Monday, August 22, 2011

Old City: or where Hipsters, Tourists, and the Overindulged Unite

  • I used to live in Old City until I could no longer handle hearing "American Woman" blaring out of the Big Bus tour, or the loud obnoxious blowing of the Duck tour kazoos, or the sound of bongos playing on First Friday.
  • Actually, I also had a tiny bit of concern about the people hanging outside of the drug rehab center next door to me.
  • Old City formally extends from Spring Garden Street, 4th Street, the Delaware River, and Walnut Street. But I never go as far as Spring Garden - maybe Race street.
  • Old City has galleries, historic buildings (ie the Liberty Bell Center), shops and the aforementioned hipsters, tourists, and people with lots of money and a sense of entitlement (much like the main line).

  • Check out Lost and Found - an affordable shop (unlike many of the surrounding boutiques) for men's and women's fashions/accessories at 133 N. 3rd St.
  • Go to nearby Cafe Ole at 147 N 3rd St. for great hummus and ice tea.
  • Visit PAWS at 100 N. 2nd street to volunteer and/or adopt a sweet cat or dog.
  • Walk and visit historic spots like Elfreth's Alley, Franklin Court, and Independence Hall.
  • Forget to visit the Betsy Ross House (next to the former Real World Philadelphia house).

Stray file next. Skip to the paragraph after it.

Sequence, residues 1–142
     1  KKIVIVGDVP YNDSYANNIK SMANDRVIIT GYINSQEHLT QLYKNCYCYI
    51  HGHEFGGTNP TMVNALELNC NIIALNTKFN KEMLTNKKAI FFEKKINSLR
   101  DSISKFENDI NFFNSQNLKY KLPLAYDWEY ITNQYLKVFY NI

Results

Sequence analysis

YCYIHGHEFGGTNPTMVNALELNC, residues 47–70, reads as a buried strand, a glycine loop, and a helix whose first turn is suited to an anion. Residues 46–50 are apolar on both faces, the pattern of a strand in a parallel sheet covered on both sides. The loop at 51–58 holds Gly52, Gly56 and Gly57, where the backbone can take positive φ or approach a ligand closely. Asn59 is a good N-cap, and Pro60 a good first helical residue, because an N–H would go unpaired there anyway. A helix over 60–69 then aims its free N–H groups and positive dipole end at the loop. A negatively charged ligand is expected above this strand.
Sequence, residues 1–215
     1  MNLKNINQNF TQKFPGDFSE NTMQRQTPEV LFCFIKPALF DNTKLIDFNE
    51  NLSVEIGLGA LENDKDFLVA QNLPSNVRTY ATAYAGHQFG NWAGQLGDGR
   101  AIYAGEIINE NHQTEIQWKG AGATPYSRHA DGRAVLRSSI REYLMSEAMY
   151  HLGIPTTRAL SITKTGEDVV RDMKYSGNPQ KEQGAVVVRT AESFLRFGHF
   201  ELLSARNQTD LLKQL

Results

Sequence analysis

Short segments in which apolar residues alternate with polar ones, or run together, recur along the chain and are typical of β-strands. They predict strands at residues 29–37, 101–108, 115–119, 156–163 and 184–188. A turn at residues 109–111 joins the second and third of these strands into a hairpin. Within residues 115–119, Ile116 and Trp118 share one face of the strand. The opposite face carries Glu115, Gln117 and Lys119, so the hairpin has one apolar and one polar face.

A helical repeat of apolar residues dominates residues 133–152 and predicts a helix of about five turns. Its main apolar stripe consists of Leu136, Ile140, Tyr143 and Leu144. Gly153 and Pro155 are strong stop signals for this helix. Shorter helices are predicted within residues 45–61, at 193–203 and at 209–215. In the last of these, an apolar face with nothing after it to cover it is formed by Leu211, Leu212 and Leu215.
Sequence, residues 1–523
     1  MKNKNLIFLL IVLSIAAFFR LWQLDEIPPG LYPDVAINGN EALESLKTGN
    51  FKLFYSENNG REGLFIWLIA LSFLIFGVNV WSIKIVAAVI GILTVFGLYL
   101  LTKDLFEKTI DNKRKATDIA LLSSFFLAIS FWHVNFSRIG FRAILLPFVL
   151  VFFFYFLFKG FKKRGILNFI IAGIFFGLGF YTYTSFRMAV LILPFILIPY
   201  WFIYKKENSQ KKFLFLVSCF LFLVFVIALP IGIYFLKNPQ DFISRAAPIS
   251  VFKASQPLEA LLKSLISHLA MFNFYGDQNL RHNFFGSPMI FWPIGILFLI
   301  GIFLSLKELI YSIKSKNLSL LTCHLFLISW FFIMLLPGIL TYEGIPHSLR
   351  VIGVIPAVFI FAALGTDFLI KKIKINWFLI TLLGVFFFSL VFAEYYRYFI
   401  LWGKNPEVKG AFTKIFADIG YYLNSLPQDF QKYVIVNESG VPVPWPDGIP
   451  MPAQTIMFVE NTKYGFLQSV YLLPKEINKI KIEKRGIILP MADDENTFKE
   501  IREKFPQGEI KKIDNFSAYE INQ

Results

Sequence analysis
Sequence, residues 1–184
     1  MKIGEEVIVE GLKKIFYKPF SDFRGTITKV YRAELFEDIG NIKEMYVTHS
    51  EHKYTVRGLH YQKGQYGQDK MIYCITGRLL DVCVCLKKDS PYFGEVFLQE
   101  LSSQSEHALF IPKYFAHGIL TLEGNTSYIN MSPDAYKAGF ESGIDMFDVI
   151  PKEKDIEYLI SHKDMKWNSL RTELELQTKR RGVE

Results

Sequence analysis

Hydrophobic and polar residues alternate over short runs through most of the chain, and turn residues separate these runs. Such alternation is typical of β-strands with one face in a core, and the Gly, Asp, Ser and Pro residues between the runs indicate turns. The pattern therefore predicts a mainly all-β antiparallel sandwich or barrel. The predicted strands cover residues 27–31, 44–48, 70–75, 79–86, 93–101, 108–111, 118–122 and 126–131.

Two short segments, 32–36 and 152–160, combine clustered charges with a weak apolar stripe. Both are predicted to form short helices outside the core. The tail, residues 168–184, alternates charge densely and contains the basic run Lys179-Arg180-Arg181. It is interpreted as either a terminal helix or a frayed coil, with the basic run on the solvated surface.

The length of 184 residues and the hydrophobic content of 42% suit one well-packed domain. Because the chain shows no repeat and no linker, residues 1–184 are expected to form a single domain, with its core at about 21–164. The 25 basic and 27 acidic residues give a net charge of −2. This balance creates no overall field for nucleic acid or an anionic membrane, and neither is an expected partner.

• Try and engage the guy playing a cittern in conversation at the Visitor's Center at 599 Market St. as he is a jerk.
  • Miss First Friday, where galleries show new art and provide some nibbles and wine on the first Friday of every month (but you may have to suffer through pretentious patrons and the overlymonied)
  • Pass on Franklin Fountain -which has awesomely extravagant ice cream creations made from local Bassetts ice cream. Though the owner's handle-bar mustache is a little off-putting.

Thursday, August 4, 2011

Memphis Taproom: or a special journey into Kensington

  • I cheated and did not take public transport. I got a ride. There is a simple reason for this. It's in KENSINGTON. I'm not saying that you can't take public transit to Kensington but I am saying if you can get a ride - then do so. 
  • Good place to take vegetarians or vegans.
  • I went here because I saw it on an episode of Diners, Drive-ins and Dives and I'm a sucker for marketing. 

How to get there (if you're not getting a ride):
  • Take Market-Frankford subway to Spring Garden.
  • Take SEPTA bus 25 to Cedar and Cumberland streets.
  • Address: 2331 E. Cumberland Street at Memphis (which I guess explains why it's not a bbq place like I originally thought)
  • Order the Beer-Battered Kosher Dils.
  • Check out their new beer garden - open from April to October.

Wednesday, August 3, 2011

Chemical Heritage Foundation - or a place I've walked by but had no idea what it was

  • The Chemical Heritage Foundation (CHF) began in 1982 as the Center for the History of Chemistry.
  • It was a pilot project of the University of Pennsylvania and the American Chemical Society.
  • It was made a non-profit organization in 1987. And became the CHF in 1992.
  • Today the Chemical Heritage Foundation has a library, museum, and a conference center. It also supports research, produces educational materials and offers fellowships.
Swiss Bakelite phone. Photo by Gregory Tobias from the collection Making Modernity.
  • The Chemical Heritage Foundation is located at 315 Chestnut Street in what used to be the 1865 First National Bank. It was renovated and opened on October 3, 2008.  
  • Visit the Museum - it's free! Open Mon-Fri 10am-4pm.
  • Use the restrooms in the Museum/Conference area - the floors are made of recycled cans!
  • Check out the exhibition Making Modernity!